Not all ski lines are created equal. Ski lines can be steep or mellow, gladed or rocky, open or narrow. There’s no end to the countless combinations of terrain one can find to ski in the backcountry. But there are certain lines, few and far between, that are different. They distinguish themselves from the surrounding terrain by virtue of their character, inspiring awe and fear in all those who glimpse their snowy flanks. Some lines are set apart by their aesthetic qualities, others by vertical relief. Many are combinations of the two. They captivate the imagination in a way that other lines simply can’t.
The Greater Yellowstone Ecosystem offers no shortage of big ski lines to explore. Many sit right in Bozeman’s backyard, and yet, are simply unattainable for much of the season. Most require copious amounts of snow and bombproof stability before the thought of skiing them can even be entertained. That’s what spring is for. Sporting longer days as well as the maximum snow depths of the season, spring often coincides with increasing snowpack stability. It is during the months of March, April and May that big line season begins.
I picked off my first “bigger” line of the season a couple weeks ago in Yellowstone National Park. It was a line I had been eyeing for some time, a steep aesthetic couloir burrowed into a towering mountain face. It was warm in the valley the day I skied it, but I was optimistic that the snow up higher would remain cold. The approach to the base of the couloir was a hot, sweaty ordeal nonetheless. The air temperature was probably in the 40s, far too hot for March. Luckily, this particular line was high and north-facing, and the snow became colder as we skinned towards the base of the couloir.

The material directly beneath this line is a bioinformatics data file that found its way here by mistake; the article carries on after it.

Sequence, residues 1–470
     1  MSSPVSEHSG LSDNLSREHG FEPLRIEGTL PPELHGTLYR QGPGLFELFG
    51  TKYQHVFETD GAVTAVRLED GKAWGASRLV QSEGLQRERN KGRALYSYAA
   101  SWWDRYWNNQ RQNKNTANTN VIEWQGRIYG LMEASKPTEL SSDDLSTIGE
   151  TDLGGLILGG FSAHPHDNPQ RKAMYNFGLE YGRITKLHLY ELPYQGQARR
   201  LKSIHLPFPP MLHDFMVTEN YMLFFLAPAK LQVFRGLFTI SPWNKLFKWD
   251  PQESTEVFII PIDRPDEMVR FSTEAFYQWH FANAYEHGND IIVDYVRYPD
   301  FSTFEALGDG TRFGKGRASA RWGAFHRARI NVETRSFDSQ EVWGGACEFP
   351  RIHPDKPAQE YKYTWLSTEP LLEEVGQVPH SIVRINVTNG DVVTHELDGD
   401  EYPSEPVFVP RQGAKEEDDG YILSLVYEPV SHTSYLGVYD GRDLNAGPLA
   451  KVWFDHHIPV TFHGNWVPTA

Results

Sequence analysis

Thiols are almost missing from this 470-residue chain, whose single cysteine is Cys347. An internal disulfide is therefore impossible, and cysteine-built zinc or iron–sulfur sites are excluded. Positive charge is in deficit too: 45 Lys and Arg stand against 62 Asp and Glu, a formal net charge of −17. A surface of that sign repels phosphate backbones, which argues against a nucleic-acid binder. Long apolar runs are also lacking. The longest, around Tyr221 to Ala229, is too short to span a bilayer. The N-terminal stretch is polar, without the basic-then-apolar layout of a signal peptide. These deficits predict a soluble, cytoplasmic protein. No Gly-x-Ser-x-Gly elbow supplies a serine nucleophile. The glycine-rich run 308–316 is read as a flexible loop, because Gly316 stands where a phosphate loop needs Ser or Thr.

There was one party ahead of us on the line that day, and they were preparing to drop in as we began booting up. The first person, a snowboarder, elegantly ripped down the steep upper pitches with ease. He pulled off to the side of the line next to us as his partner prepared to descend. We briefly chatted with him as his partner snowboarded down. He turned out to be none other than snowboarding legend Jeremy Jones, making for an unexpected and memorable chance encounter. As he and his partner continued their descent we returned to the task at hand, booting up the remaining few hundred vertical of couloir rising above us.
The top of the line was spicy. The slope easily pushed 50 degrees on the upper pitches, but the snow was soft and edgeable. I dropped in first, making conservative hop turns through the upper pitches before opening it up on the apron below. Slough raced past my ski tips and I occasionally stopped to let it go past. I soon found myself at the bottom, and several minutes later my partner joined me. We gazed back up at the behemoth we had just descended, excited to have hit it in good conditions. For me, it marked the beginning of big line season. And, as the best part of ski season comes into full swing in the coming weeks, hopefully it’ll be the first of many more big lines to come.